Samuel Horatio Moreton was born probably in London, England, sometime between 1843 and 1845, the son of Ann Spence and her husband, Samuel Moreton, said to have been a captain in the Royal Regiment of Artillery. Joining the Royal Navy, he served in China before emigrating to Australia. There, at Sandridge, Victoria, on 25 September 1862, he married Rosa Clara Wilson, the daughter of a London watchmaker.
Shortly after their marriage Rosa and Samuel Moreton moved to Invercargill, New Zealand, where Samuel worked as a painter and signwriter. During his early years in Invercargill he developed his talent for fine art painting: he is said to have studied earlier under the watercolour artist Aaron Penley of the Royal Military Academy, Woolwich. He also found delight in the mountains and lakes of Fiordland. These two interests Moreton combined for the rest of his life, becoming a landscape artist of international renown and a pioneer explorer of New Zealand's south.
Moreton made a major venture into Fiordland in 1881, and over the next 10 years he returned repeatedly for prolonged visits, often accompanied by W. Y. H. Hall, an Invercargill solicitor. He encountered Donald Sutherland, the first settler and at that time sole resident at Milford Sound, and came to know him well.
The spectacular beauty of Milford Sound was widely known before 1880 and its value as a scenic resort recognised. However, its inaccessibility prevented it from being exploited as a tourist destination. There was an urgent need to find a route suitable for tourists, and, spurred on by the financial rewards that finding such a route would provide, Moreton, Sutherland and others spent much time in the search. Moreton evidently believed that the Poseidon River which runs into Lake Ada near Milford Sound was the key to the route from Milford to Lake Te Anau, for he made at least three major expeditions into the area. The route to Milford Sound was finally discovered by Quintin McKinnon (Mackinnon) in October 1888, by what became known as the Milford Track. Moreton made two of the earliest crossings of the Mackinnon Pass after its discovery, on the first occasion accompanied by his wife, Rosa, who would thus appear to have been the first woman to walk the Milford Track.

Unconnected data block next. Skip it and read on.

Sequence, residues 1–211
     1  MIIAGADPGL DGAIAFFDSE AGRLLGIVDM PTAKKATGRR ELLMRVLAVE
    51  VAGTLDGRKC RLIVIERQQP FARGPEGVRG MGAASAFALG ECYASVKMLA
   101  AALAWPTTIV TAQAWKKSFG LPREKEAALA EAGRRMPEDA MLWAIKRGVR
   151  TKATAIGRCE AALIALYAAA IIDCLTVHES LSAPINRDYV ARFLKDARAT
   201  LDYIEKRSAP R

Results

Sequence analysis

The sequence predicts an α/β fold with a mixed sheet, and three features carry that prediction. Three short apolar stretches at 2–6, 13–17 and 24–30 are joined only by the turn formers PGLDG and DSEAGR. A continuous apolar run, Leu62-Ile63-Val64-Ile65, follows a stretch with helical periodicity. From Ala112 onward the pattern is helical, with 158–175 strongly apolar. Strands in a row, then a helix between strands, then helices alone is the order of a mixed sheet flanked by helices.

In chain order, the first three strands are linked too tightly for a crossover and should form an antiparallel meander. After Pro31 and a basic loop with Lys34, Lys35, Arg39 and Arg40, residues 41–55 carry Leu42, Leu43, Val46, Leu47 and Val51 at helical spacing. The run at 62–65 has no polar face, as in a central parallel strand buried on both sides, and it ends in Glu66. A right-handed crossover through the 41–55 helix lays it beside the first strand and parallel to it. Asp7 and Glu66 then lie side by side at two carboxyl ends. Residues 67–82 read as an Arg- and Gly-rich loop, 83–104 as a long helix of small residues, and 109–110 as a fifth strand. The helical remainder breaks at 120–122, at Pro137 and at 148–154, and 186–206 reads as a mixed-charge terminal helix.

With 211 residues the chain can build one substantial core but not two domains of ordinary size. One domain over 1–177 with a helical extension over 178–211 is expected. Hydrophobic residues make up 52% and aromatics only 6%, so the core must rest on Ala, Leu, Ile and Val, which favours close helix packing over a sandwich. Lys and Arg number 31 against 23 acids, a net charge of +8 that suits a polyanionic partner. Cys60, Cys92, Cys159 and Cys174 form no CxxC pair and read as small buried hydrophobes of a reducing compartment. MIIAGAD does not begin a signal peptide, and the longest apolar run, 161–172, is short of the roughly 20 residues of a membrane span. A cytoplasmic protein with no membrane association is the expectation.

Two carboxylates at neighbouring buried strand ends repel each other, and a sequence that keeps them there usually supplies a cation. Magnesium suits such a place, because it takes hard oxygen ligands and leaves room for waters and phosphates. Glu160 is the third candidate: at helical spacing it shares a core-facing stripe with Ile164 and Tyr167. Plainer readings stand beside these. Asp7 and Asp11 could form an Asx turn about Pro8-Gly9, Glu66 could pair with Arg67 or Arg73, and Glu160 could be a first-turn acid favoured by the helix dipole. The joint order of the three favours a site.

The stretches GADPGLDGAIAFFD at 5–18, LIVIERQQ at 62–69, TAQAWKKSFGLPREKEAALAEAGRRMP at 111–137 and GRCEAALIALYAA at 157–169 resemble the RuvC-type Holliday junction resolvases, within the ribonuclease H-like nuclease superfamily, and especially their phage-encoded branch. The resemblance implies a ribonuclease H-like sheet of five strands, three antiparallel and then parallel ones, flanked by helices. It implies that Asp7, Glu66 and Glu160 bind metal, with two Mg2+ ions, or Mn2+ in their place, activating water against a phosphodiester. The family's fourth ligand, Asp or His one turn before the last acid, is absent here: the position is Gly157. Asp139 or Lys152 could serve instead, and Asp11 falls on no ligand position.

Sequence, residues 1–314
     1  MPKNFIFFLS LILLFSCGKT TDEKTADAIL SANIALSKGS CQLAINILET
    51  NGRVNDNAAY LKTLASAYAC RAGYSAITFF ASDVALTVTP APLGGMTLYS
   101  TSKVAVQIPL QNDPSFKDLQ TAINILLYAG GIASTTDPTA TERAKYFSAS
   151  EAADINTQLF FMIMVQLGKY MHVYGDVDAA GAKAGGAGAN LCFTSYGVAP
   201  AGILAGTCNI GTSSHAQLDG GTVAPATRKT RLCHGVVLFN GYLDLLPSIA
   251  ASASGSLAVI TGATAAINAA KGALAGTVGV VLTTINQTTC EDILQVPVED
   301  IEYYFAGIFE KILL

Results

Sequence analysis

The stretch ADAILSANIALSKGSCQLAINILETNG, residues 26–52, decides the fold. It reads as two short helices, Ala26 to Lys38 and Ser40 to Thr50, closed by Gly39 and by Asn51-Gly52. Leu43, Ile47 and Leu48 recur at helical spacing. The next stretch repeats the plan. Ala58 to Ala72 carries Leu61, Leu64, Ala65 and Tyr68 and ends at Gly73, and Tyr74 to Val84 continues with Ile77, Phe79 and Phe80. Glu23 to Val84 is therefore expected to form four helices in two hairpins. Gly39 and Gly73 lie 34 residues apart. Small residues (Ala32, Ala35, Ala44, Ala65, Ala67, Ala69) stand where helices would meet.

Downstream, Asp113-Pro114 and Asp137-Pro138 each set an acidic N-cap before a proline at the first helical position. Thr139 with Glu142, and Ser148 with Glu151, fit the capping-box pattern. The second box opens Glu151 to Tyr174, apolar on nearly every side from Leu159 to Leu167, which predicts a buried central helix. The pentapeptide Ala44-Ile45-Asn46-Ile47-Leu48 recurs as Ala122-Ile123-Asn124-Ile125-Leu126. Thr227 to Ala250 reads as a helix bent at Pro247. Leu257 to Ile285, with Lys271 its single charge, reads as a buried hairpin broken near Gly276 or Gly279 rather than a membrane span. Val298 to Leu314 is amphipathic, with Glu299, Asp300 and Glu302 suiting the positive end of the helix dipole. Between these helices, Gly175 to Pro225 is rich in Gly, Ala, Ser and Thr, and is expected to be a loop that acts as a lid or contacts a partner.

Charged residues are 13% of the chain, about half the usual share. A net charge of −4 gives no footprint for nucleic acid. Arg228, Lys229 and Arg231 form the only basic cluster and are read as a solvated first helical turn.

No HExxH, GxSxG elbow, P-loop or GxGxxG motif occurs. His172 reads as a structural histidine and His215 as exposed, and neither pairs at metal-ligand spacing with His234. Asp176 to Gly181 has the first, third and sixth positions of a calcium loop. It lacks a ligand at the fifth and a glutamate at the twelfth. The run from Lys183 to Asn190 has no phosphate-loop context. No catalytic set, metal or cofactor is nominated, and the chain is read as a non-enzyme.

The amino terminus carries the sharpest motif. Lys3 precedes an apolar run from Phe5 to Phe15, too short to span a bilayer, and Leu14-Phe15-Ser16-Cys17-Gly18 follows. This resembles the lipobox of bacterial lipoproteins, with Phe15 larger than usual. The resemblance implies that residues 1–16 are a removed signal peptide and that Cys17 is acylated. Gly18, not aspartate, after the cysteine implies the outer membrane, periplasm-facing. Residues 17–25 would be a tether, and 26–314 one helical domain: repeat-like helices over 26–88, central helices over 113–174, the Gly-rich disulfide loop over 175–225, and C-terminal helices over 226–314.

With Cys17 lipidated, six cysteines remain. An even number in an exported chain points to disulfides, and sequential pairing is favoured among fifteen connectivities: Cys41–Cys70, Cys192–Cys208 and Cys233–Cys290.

Samuel Moreton's contribution to the opening up of Fiordland included a solo trip from Milford Sound to Queenstown via Martins Bay, and pioneering a route to Bligh Sound. His art was probably the greatest single factor in advertising the scenic beauty of the area and the uniqueness of Milford Sound. His ability to capture the grandeur of Fiordland soon became well known, and his work was in demand both in New Zealand and overseas. He was commissioned to do a series of paintings for the Illustrated Sydney News in 1887, and later for the Illustrated London News. Five of his works were exhibited at the Colonial and Indian Exhibition in London in 1886. In New Zealand he exhibited with the art societies in Dunedin, Auckland and Christchurch, and at the New Zealand Industrial Exhibition in Wellington in 1885.
In 1890 or 1891, in debt and his marriage having failed, Moreton moved to Christchurch, and there established an art school, the Pre-Raphaelite School of Art. He regularly took his students on sketching tours to scenic areas, often to Fiordland. Rosa Moreton remained in Invercargill, where she died on 10 May 1908, survived by seven children. The following year, at Christchurch on 8 November, Samuel Moreton married Amelia Rose Woolley, an artist he had previously taught; there were no children of this marriage. Amelia Moreton published a volume of poems and a descriptive sketch of their travels in the upper Rakaia area.
Samuel Moreton died in Christchurch on 21 March 1921, of cancer. Most of his works are now in private hands, but a number are held by the Alexander Turnbull Library, Wellington, and the Robert McDougall Art Gallery, Christchurch.